Magazine article Strings

Bassist Rises to Challenge Bach's Suites for Solo Cello

Magazine article Strings

Bassist Rises to Challenge Bach's Suites for Solo Cello

Article excerpt

Scholarship is important, but don't let it get in the way of musicality

THE BACH CELLO SUITES are an incredible group of works that are accessible at a variety of different levels: both on the surface for their innate beauty and grace, and also, upon deeper inspection, for the harmonies and implied voices, the clarity of form, and the details of phrasing. As a bassist, one also has to grapple with techniques that are beyond what the traditional repertoire requires, especially if they are to be played at pitch. Edgar Meyer, for instance, has often said that he developed much of his own (incredible) technique through study of the Bach suites.

For me, these pieces are the ultimate musical challenge that will always offer something new to discover, as well as an opportunity to improve my technique particularly since the suites are extremely transparent and don't offer anywhere to hide in terms of poor intonation, uneven tone, or indecisive bowing choices.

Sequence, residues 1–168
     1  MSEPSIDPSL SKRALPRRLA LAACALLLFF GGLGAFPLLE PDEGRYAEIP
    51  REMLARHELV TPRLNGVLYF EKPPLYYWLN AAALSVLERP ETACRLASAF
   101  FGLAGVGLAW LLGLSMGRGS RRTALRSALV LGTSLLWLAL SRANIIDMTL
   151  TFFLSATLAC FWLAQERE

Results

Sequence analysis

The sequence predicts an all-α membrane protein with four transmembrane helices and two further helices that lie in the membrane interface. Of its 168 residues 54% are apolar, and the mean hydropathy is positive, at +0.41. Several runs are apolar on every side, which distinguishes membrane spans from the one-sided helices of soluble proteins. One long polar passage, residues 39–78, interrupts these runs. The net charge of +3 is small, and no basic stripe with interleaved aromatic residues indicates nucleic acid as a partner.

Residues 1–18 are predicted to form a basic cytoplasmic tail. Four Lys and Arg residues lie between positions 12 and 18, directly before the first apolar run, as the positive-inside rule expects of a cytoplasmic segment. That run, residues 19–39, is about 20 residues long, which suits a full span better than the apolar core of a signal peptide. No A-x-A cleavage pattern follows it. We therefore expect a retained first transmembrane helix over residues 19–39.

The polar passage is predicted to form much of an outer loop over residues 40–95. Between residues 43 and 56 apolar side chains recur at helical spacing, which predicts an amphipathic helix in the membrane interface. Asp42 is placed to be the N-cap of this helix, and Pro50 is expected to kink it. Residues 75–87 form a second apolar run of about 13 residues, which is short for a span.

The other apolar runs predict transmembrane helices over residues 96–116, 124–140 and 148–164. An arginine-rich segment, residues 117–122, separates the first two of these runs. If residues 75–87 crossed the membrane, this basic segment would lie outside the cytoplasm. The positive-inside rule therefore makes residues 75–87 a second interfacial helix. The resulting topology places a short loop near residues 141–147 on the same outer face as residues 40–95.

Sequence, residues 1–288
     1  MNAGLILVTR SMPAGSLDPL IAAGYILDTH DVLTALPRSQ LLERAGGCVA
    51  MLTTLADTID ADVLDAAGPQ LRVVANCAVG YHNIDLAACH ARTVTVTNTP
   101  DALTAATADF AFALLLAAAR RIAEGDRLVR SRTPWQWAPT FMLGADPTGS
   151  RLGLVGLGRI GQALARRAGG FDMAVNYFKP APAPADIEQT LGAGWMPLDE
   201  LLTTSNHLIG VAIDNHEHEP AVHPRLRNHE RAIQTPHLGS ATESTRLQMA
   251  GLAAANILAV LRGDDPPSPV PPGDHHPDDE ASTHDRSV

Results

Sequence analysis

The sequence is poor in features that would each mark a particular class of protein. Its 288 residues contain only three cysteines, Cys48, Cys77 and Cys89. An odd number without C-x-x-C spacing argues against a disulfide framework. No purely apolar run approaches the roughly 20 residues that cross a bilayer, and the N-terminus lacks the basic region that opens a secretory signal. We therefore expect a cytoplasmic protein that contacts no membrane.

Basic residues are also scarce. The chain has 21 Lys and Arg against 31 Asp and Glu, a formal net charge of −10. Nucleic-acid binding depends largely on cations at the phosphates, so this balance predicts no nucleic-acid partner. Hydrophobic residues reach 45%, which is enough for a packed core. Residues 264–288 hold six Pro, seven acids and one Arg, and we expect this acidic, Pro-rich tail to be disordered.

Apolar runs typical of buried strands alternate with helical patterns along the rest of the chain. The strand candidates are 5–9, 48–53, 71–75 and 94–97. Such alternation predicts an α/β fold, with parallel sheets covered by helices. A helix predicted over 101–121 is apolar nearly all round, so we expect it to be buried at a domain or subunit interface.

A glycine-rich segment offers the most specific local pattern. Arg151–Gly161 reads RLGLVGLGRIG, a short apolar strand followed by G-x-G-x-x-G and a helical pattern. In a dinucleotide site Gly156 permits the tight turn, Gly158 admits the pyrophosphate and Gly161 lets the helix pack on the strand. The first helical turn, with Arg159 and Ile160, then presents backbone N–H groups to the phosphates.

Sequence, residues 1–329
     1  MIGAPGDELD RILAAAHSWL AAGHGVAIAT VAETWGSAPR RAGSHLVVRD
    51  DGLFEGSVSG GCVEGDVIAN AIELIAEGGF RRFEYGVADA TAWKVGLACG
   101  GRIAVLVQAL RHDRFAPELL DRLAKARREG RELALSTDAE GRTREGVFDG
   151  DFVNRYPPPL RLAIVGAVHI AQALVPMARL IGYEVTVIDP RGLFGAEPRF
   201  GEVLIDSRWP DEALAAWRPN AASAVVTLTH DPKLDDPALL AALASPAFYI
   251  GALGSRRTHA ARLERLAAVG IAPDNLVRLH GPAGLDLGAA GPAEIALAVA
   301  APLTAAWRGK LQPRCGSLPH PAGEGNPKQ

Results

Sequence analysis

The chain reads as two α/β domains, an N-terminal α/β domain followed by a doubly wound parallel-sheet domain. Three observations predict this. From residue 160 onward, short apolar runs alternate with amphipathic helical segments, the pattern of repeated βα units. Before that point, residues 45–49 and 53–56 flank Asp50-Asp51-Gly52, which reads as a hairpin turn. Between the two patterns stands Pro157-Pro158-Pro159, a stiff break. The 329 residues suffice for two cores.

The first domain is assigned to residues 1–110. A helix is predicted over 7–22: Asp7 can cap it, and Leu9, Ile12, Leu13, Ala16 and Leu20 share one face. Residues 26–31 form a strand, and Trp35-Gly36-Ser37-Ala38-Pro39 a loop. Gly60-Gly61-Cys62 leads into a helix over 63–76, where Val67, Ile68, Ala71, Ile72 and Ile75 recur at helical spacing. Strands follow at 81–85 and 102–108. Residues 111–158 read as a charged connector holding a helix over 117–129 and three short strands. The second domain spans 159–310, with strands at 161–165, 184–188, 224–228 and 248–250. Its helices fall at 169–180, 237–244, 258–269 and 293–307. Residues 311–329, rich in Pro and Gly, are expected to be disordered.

I have performed the First Suite (at pitch) and the Third Suite (transposed down a fourth), but while I have pulled the Second Suite out from time to time, I have never actually worked it up to performance level.

The 1950 Bärenreiter is the best place to start your studies. Since there is no surviving manuscript in Bach's hand for this music, we have to rely on various other sources - none of which completely agree on bowings. This edition uses the most reliable source (the Anna Magdalena Bach manuscript), but the editors do a good job of interpreting her sometimeshaphazard markings.

I also own the fascinating 2000 Bärenreiter urtext edition, which includes five manuscripts and a full text volume. In order to glean the most from this, though, one has to do a great deal of cross-checking and hypothesizing about reasons for variances. In the end, I often agree with the choices that the editors made in the 1950 edition, and so I start from that, and then go back to the manuscripts to check passages that still raise questions. …

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